In Indianapolis, attorney Melina Kennedy left law firm Baker & Daniels late last year to kick off her mayoral campaign against first-term incumbent Greg Ballard. If elected, she will return to the office where she began her career as deputy mayor after law school. She said her legal background complements her public service passion perfectly, and she feels it is time to use it for that.

“I see how much good you can do in city government, and as I’ve had the opportunity to look at ways of getting back into that service. I thought this was a good time for doing that,” Kennedy said. She believes it is important for law students and lawyers to be involved in public service efforts, whether that means running for office or working behind the scenes.

“Our legal community is just one segment of a bigger political community that everyone’s a part of,” she said. “Studying the law, you can see why so many attorneys are involved – it’s because we have a true understanding of the process, and that means we need to have more involvement.”•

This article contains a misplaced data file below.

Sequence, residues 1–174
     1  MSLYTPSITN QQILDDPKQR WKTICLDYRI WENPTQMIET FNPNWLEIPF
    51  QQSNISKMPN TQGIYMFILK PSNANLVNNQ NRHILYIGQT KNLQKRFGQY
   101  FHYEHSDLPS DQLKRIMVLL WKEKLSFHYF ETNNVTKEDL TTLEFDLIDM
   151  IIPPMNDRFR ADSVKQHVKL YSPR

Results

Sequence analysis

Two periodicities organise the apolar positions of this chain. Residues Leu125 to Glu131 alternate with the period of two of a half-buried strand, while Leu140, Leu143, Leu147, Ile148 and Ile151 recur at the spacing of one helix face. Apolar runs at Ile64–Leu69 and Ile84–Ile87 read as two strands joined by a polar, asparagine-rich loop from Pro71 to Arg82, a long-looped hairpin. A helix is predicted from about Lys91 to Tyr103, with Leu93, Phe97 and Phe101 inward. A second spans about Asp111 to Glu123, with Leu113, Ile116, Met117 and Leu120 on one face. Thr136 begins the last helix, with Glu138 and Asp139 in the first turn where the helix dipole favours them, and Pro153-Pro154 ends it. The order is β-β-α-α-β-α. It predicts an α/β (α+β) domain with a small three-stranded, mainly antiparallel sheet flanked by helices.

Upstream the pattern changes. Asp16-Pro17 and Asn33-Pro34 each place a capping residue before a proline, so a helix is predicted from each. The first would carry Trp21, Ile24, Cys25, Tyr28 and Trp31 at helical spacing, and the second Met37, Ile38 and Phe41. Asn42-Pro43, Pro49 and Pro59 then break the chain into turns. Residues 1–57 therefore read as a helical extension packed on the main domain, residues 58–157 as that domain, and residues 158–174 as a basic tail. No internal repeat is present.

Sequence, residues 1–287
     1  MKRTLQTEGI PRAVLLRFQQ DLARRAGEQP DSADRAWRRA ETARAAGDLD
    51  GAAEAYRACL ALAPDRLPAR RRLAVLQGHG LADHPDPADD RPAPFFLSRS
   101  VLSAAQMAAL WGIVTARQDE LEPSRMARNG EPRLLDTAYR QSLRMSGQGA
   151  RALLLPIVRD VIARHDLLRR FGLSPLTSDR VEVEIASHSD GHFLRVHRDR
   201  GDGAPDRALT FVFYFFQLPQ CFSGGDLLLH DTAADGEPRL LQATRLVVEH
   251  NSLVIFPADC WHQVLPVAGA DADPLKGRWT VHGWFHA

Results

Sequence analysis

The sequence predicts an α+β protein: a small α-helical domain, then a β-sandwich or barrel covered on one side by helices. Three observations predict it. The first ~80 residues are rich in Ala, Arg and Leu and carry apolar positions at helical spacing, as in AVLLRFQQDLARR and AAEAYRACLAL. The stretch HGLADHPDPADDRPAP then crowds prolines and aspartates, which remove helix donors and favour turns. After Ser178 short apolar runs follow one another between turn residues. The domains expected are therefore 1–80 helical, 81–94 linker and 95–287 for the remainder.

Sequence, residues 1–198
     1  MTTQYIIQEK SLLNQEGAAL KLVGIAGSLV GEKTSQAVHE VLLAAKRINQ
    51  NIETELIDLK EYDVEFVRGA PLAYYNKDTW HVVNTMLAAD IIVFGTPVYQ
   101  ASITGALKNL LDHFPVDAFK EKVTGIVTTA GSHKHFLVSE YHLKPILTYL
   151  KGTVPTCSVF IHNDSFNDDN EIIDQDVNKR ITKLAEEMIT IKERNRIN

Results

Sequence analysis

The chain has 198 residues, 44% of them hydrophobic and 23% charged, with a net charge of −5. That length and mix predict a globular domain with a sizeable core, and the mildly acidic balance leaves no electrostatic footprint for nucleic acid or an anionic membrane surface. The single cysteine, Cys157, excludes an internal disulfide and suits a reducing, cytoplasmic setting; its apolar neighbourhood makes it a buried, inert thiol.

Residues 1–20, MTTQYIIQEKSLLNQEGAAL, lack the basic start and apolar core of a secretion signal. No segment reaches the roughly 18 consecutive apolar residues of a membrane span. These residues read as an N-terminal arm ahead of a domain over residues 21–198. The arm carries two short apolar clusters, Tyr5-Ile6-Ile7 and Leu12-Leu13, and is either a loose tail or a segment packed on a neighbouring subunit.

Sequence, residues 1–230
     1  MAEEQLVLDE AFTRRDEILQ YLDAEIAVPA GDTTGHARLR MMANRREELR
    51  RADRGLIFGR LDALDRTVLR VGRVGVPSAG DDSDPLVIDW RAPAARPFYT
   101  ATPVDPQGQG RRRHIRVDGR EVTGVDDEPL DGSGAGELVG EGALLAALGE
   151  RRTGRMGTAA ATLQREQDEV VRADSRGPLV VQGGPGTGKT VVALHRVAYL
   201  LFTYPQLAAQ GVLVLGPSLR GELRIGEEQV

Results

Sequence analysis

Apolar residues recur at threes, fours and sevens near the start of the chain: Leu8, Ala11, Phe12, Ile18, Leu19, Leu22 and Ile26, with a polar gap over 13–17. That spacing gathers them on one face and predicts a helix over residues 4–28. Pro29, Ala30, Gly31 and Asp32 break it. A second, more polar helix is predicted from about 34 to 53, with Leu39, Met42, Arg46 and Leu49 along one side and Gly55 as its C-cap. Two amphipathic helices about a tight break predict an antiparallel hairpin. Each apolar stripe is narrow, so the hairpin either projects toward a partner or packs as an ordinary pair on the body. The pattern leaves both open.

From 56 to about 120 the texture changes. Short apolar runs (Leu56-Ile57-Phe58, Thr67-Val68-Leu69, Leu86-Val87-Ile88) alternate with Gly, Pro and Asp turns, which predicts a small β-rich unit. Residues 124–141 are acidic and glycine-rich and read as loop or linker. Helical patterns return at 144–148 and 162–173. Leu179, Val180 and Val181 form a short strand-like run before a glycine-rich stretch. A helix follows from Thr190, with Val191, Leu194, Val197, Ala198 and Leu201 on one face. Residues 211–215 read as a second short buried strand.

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  1. I have been on this program while on parole from 2011-2013. No person should be forced mentally to share private details of their personal life with total strangers. Also giving permission for a mental therapist to report to your parole agent that your not participating in group therapy because you don't have the financial mean to be in the group therapy. I was personally singled out and sent back three times for not having money and also sent back within the six month when you aren't to be sent according to state law. I will work to het this INSOMM's removed from this state. I also had twelve or thirteen parole agents with a fifteen month period. Thanks for your time.